King Felipe VI sends a message of understanding with Morocco

The president of the government, Pedro Sánchez, backs the monarch's words to ease relations with the Alawi kingdom in a new attempt at rapprochement
Rey Felipe VI

PHOTO/Casa de S.M. el Rey  -   General view of the Throne Room during His Majesty the King's address

King Felipe VI on Monday opened a new period in the diplomatic crisis between Spain and Morocco since the admission in May of the Polisario Front leader, Brahim Ghali, to a hospital in Logroño. In his speech during the traditional reception for the diplomatic corps at the Royal Palace, the monarch advocated a reunion between the two nations, which must "walk together".

The King's words served to highlight the intentions of the Royal Household, which is committed to an understanding with his Moroccan counterpart. Felipe VI's objective is to "find solutions to the problems that concern our peoples". Solutions that should put an end to the tensions that have marked relations between Madrid and Rabat in recent months.

"Our respective governments have agreed to jointly redefine a relationship for the 21st century based on stronger and more solid pillars", said the monarch at an event attended by both the President of the Government, Pedro Sánchez, and the head of the Ministry of Foreign Affairs, European Union and Cooperation, José Manuel Albares, who replaced the former minister, Arancha González Laya, who was dismissed due to the diplomatic rupture with the Alaouite Kingdom.

PHOTO/Casa de S.M. el Rey  -  Their Majesties the King and Queen during their greeting to the Diplomatic Corps accredited in Spain

Morocco's ambassador to Spain, Karima Benyaich, who left Madrid on 18 May in the midst of escalating tensions, when she was summoned for consultations by Rabat after the irregular entry of 10,000 people into Ceuta, was not present at the meeting. She was replaced by the Kingdom's chargé d'affaires. This absence reflects the current state of relations, which are at a kind of stalemate, albeit with discreet progress.

This is the first time that King Felipe VI has spoken out since the institutional rupture. He did not want to miss this opportunity to refer, implicitly, to the regional dispute between Morocco and Algeria, which reached its zenith with the breakdown of bilateral relations and the closure of the Maghreb-Europe gas pipeline, all at the proposal of Algiers, which accused Rabat of killing three Algerian lorry drivers.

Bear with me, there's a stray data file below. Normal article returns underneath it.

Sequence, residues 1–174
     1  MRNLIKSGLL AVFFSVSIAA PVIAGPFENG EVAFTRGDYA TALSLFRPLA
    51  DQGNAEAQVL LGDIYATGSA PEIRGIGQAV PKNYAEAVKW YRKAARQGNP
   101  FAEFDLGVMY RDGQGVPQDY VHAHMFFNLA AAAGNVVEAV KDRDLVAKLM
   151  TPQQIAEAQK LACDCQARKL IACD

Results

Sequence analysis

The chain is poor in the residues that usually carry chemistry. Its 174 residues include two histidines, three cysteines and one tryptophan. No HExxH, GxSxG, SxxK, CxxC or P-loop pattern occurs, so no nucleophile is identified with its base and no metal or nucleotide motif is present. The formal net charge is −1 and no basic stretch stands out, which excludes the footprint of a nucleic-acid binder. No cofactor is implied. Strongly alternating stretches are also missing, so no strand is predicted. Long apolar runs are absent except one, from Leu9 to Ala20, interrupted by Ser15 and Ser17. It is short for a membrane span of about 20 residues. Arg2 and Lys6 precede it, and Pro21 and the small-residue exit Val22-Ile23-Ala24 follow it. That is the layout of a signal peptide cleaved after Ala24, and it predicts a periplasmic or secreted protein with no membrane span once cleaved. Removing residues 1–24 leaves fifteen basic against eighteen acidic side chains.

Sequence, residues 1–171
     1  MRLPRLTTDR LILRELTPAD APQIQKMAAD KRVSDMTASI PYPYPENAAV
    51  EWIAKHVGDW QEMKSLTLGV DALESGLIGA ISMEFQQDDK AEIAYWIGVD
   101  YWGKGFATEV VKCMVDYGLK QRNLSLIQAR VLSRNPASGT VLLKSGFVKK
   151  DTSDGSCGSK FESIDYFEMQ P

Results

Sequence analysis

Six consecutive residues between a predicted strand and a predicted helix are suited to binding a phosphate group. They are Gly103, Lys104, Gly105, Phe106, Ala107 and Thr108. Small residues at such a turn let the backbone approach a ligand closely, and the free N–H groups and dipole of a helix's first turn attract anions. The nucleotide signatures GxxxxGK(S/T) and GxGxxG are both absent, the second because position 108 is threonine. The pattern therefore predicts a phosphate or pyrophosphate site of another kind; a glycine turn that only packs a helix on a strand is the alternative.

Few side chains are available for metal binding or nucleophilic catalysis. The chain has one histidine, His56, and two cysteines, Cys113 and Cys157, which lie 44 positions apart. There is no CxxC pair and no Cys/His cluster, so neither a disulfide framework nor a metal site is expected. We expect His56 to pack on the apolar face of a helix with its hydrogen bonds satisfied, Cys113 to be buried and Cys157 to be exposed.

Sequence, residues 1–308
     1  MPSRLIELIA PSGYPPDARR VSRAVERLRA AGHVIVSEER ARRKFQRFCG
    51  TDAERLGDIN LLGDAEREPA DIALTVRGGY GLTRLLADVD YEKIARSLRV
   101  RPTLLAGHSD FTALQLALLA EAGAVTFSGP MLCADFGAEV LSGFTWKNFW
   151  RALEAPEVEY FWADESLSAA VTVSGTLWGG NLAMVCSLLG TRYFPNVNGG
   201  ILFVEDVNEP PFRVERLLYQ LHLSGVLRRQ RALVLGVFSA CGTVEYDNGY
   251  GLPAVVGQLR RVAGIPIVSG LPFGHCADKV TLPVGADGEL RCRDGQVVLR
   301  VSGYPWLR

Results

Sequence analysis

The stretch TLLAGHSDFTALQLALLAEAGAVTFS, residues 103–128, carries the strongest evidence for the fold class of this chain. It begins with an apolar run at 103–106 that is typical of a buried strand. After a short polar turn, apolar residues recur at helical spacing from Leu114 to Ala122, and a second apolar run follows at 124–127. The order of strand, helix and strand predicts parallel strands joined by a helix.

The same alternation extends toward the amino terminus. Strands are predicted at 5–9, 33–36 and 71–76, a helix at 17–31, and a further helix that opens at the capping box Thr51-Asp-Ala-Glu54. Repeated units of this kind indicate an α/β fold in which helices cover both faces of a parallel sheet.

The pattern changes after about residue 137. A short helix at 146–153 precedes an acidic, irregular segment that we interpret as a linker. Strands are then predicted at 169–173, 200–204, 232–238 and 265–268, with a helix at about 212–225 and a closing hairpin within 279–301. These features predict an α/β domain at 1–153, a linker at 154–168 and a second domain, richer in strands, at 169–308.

In this respect, the monarch pointed out that Spain 'will continue to make every effort necessary for the creation and consolidation of a common space of peace, stability and prosperity in the Maghreb', an area in which Madrid faces serious strategic risks that materialised with the reduction of gas supplies in the country as a result of the closure of the pipeline. The rivalry puts Spain in a delicate situation in which it has little to gain but much to lose.

PHOTO/ Casa de S.M. el Rey  -  Their Majesties the King and Queen of Spain during the speech of Monsignor Bernardito Cleopas Auza, Nuncio of His Holiness

Ghali's entry into Spain behind Rabat's back was not the only reason that distanced the two countries' agendas. The issue of Western Sahara represents another 'a priori' sticking point due to the disparity of strategies. Morocco offers an autonomy plan for the region under its sovereignty, while Spain adheres to UN criteria. Rabat is disappointed by Madrid's immobility and is pushing for a change of direction.

The Moroccan monarch, Mohammed VI, spoke out in August, months before King Felipe VI, to 'inaugurate' a new stage in bilateral relations with Spain. Minister Albares considered these words to be a clear sign of détente. The diplomat assured that progress had been made in talks with his Moroccan counterpart, Nasser Bourita. Although Mohamed VI's declarations did not mean the return of the ambassador to Madrid.

Sánchez and Scholz, Spain and Germany

The Prime Minister, Pedro Sánchez, followed in the King's footsteps and invited the Alaouite Kingdom to build a new relationship, thanking it for "strategic cooperation". "Spain logically sees Morocco as a strategic partner with which we have to walk together over the coming months and years", he stressed during a press appearance in the company of the new German Chancellor, Olaf Scholz.

PHOTO/ Casa de S.M. el Rey  -  Their Majesties the King and Queen during their greeting to the Diplomatic Corps accredited in Spain.

Sánchez received Scholz at La Moncloa on Monday in what was the first visit to Spain by Angela Merkel's replacement. Germany is a partner of the European Union with which Spain shares a position on Western Sahara. At least for the time being. The diplomatic crisis with Rabat is sure to have been discussed in the dialogue between the two leaders now that Berlin is reorienting its foreign policy.

The new coalition government between Social Democrats, Greens and Liberals in Germany seems inclined to ease diplomatic tensions with Morocco and described Rabat's plan for Western Sahara as an 'important contribution'. A nod that President Steinmeier seconded with his invitation to King Mohammed VI to visit the country, and which aims to thaw relations between the two countries. The question now is whether Spain will make a move in this direction.